Wisdom on Wealth


Everyone has money questions, whether it's what to do about retirement, or how to invest for the first time. Each week, Byron Moore offers practical, down-to-earth advice on handling money; and shows that even though money is important, paying attention to it can keep it from ruling your life.

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His brother was broke and in debt, having moved back in with their mother. After going through a divorce and a rebound girlfriend, he was left with credit card debt, no car, no assets, and, of course, no job.

His good-hearted brother wanted very badly to help out but realized that throwing cash at his troubled brother would solve nothing.

Their father taught them to save and spend responsibly, but apparently one brother got it and the other brother didn’t.

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If you want to build high, you should first go deep.

Almost immediately following the tragic events of September 11, 2001, there was popular agreement that another magnificent structure must take the place of the fallen Twin Towers. In April 2006, about five years later, construction began on the structure that would one day be called One World Trade Center.

  During the first three years of that construction, however, no small amount of grumbling went on concerning the “lack of progress,” so to speak, on the project.

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Suppose you had two choices for a retirement scenario: the first is that you owned $50,000,000 worth of real estate. The second is that you own $500,000 worth of real estate.

You’d pick the first, right?

Well, what if the $50,000,000 of real estate is worth so much because it’s located adjacent to a national forest, but the government says you can’t build anything on the land that will pay you rental income. So, that means you’re asset rich, but income poor.

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We find ourselves in the midst of a worldwide health crisis – the Coronavirus (COVID-19). Among the many ripple effects of the disease, and the world’s disparate attempts to contain it, have been significant impact on financial markets.

Now, markets do not like uncertainty. It’s a lot like what happens when the power goes off and you suddenly find yourself in a very dark room. The first thing you do is stop, and then you grope around a while, taking small steps, trying to avoid a collision with something that you can’t see.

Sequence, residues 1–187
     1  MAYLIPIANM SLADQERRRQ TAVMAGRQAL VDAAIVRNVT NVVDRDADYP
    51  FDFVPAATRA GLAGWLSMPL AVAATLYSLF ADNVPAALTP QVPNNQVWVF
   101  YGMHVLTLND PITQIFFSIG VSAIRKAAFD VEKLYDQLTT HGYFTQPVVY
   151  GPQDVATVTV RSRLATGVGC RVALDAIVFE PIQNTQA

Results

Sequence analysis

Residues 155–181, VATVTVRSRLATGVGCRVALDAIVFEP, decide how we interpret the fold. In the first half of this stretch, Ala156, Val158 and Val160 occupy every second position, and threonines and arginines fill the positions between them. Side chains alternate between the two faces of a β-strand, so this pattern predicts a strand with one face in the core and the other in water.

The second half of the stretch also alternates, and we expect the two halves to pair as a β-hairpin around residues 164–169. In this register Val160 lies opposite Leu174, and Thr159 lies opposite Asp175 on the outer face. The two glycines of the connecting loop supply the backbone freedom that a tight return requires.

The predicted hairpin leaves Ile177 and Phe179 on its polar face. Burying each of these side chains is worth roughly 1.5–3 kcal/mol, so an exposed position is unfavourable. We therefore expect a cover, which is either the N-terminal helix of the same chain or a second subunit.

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This is for the person who can look in the mirror and say, “I have messed up my financial life!”

If that’s you, where do you start?

Let’s start with something that I heard consultant Wayne Cotton say one time, “If you don’t like your past, then fix your present and you’ll have a new past in your future. Just clean-slate it and build a new past by building your present properly.”

See The Big Picture

Feb 26, 2020
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One dimensional thinking is rarely quality thinking.

The problem comes when you only consider one piece of a total financial picture.

Let’s say that there is a piece of land that you’ve had your eye on for some time. And it comes up for sale.

Well, you could borrow $100,000 to buy the land. If the bank agrees to finance the purchase for you at 4% over 20 years, you’re gonna owe the bank 240 payments of $600. If my $5 Wal-Mart calculator still works, that’s about $145,000. It means that you paid $45,000 in interest on top of the $100,000 that you paid for the land.

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When it comes to estate planning, good intentions are unlikely to produce good results.

I most often see this in the case of second marriages…even those in which everybody in both families are getting along great…for now.

I am not an attorney and you should consult one in the state in which you live. But here are the scenarios that I often see…

Auto Insurance Basics

Feb 12, 2020
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The purpose of auto insurance is to protect the insured financially against damage done to her car and by her car.

The second item (damage done by her car) has a far bigger potential for financial damage, though it’s less common.

These are two really important things to remember when shopping for auto insurance for yourself…but it’s especially important to keep them in mind when shopping for auto insurance for your driving teen or college student.

Here are the basics to keep in mind whenever and for whomever when you shop for auto insurance:

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Small steps can make a big difference in retirement planning.

Dee Lay and his wife (Fee Lay, of course!) arrive at age 66, trying to figure out if they can retire. Dee has about $500,000 in his 401(k) and they spend about $5,000 a month to live.

They go see their financial planner, Les Werking, to find out if they are ready to retire.

“Well that all depends on whether or not you plan to live past age 80,” Les tells them. “Cause that’s about how long your money will last.”

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As people age physically, they also tend to age financially.

Failure to understand and accept these twin realities can lead to much frustration and stress.  Those who accept and (even better) anticipate the changes that come with physical and financial aging can experience a more peaceful transition as their lives change.

Here are a few thoughts on the similarities of physical and financial aging: